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December 29, 2010

Any thoughts on top sentencing stories for 2010 ... and 2011?

If time, energy and family allow, I will likely do a post in the next few days in which I review my top 10 sentencing stories for 2010.  A couple of the top 10 entries are pretty obvious, such as the passage of the Fair Sentencing Act by Congress and the Supreme Court's Eighth Amendment ruling in Graham v. Florida.  But there are lots of other top possibilities, ranging from the near-miss pot legalization ballot initiative in California to the news of reductions in state prison populations to the emergence of Right on Crime.

As I look back and reflect on my own top 10 for 2010, I encourage readers to do the same and also to share their thoughts via the comments to this post.  Relatedly, as the headline of this post hints, I am already starting to look ahead to what may be brewing as top stories for next year.  Though I doubt I will make any crazy bold predictions about sentencing developments in 2011, readers are certainly encouraged to channel their inner Jeane Dixon to make forecasts in the comments.

December 29, 2010 at 03:47 PM | Permalink

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The biggest whopper of the year, of the decade, of the century, of the millenium? The criminal law remains in utter failure, is still outrageous in its idiocy, and fails us in Job One and Job Last of government. Drops in rates are meaningless when the count of major crimes is in the tens of millions, when only 1 in 10 crimes is prosecuted, when 95% of prosecutions result in a totally fictitious, and often unrelated adjudicated charge, allowing many violent offenders to be released early because they are adjudicated as non-violent, when a substantial fraction of prosecutions have the wrong guy entirely, when the total incompetents running the criminal law, the buffoons on the bench and the inexperienced, mediocre lawyers in the prosecution grant themselves absolute immunity from tort liability, either from the wrongly accused, or the victims of the unaccused. Lastly, what is unbearable is the atavism of the criminal law, using methods and doctrines from the Middle Ages, a practice that would get any other practitioner properly arrested as a threat to the public safety.

There is no legal remedy to such rampant criminality, itself a violation of the rights of the public. Only self help can remedy this farcical and tragic failure. If torts are a substitute for violence and vendetta, then absolute immunity is an absolute moral and intellectual justification for street justice. This street justice should be brought to the lawyers who are 100% immune, and to their clients, who are 90% immune from prosecution for all their major crimes. I would like to see a direct action movement of crime victims and their families. It should begin slowly with shunning and boycotting of the individuals in the criminal law, the lawyers and their clients.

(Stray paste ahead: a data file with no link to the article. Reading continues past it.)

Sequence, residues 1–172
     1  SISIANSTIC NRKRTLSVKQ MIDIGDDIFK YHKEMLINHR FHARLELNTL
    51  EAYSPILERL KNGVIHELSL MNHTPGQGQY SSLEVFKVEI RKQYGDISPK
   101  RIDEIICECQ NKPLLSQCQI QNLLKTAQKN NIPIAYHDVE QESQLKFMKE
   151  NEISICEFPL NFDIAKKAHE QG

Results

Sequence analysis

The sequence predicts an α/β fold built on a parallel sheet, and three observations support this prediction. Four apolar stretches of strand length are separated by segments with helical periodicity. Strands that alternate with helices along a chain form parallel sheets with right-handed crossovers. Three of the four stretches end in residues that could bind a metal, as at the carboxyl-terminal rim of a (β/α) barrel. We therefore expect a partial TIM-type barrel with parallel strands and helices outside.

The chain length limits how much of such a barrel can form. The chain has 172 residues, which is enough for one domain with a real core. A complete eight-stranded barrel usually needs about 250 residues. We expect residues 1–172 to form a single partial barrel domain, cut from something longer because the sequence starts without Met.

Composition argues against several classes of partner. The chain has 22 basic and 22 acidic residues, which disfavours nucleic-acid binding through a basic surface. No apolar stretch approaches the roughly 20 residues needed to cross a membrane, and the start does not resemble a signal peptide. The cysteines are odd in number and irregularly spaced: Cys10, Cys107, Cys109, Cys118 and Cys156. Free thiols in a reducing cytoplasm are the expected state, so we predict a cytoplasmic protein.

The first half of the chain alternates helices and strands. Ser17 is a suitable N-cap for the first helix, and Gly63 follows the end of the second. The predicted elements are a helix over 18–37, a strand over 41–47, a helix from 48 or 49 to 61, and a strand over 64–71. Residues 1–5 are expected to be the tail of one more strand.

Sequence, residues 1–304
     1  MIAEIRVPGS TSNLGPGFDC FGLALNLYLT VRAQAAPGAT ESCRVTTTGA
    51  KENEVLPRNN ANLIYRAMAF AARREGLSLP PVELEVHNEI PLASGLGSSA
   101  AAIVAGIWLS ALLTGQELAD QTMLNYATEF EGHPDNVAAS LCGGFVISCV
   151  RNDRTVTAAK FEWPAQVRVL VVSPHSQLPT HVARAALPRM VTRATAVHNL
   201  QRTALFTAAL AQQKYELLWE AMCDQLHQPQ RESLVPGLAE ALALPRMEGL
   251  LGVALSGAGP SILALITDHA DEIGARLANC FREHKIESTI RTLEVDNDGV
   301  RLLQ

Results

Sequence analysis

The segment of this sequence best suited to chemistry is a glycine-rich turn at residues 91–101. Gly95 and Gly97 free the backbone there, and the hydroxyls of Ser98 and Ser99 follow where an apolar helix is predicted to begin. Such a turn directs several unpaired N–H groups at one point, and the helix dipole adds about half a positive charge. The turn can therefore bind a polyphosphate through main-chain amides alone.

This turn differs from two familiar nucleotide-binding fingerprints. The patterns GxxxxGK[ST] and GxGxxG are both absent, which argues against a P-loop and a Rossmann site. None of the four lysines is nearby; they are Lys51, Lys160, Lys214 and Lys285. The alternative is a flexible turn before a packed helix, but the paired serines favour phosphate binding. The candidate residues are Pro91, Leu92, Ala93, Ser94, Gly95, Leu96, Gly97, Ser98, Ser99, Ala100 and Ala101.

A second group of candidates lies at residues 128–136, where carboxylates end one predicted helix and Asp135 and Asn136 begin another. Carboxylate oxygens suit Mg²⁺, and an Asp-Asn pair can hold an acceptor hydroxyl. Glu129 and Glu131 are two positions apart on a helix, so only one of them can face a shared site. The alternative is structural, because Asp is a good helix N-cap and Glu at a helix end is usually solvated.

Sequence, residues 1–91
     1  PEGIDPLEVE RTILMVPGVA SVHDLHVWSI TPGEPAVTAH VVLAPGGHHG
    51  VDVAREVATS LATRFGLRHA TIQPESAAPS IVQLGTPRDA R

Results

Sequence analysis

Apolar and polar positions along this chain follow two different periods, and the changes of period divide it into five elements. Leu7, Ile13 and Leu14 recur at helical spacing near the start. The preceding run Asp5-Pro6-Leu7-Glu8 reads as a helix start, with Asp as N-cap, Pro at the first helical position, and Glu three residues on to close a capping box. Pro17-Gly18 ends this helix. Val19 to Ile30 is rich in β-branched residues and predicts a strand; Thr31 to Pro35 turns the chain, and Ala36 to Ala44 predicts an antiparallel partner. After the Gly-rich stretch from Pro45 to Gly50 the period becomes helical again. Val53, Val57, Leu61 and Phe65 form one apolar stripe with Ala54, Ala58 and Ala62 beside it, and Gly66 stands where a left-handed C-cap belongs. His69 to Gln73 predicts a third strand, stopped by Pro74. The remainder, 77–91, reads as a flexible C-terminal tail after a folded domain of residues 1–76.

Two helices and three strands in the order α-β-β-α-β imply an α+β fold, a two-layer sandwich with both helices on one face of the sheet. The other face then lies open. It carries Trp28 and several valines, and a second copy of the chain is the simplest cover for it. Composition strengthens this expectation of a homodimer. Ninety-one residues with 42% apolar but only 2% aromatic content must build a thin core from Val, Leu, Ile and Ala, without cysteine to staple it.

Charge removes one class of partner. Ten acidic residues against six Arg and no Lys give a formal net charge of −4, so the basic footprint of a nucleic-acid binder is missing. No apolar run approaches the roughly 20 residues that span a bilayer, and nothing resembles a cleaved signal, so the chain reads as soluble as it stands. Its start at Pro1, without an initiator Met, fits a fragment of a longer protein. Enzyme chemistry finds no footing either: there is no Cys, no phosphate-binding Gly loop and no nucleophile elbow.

Posted by: Supremacy Claus | Dec 30, 2010 4:11:15 AM

Collin County First Assistant to the DA, Greg Davis Indicted
http://www.baumbach.org/b2evolution/blogs/index.php
"On Tuesday, a Collin County grand jury indicted Gregory S..Davis on charges of the felony of "Tampering with a government record for defraud/harm". A Special Prosecutor had been requested by the Grand Jury, and it was the Special Prosecutor who investigated the office of the District Attorney. Based on the information of the independent Special Prosecutor, Davis was indicted. The charges accuse Davis of falsifying over 40 time records in order to reward DA office employees with paid time off, even though time records indicated the employees were working on certain days – when, in actuality, they were not."
Davis was responsible for sending at least one innocent man to his death, and quite possibly others, in Texas. The dishonest character shown by this indictment was manifested in that case, and possibly others cases. This isn't justice for that action, but if it brings a small measure of accountability back onto prosecutors then that is welcome. The ivory tower of immunity, granted by the Supreme Court to the service, has corrupted the process of law and endangered every US citizen, innocent or guilty.
The principles involved are effectively discussed in this blog entry:
http://lawblog.legalmatch.com/2010/10/19/are-prosecutors-getting-away-with-too-much/

Posted by: peter | Dec 30, 2010 4:43:58 AM

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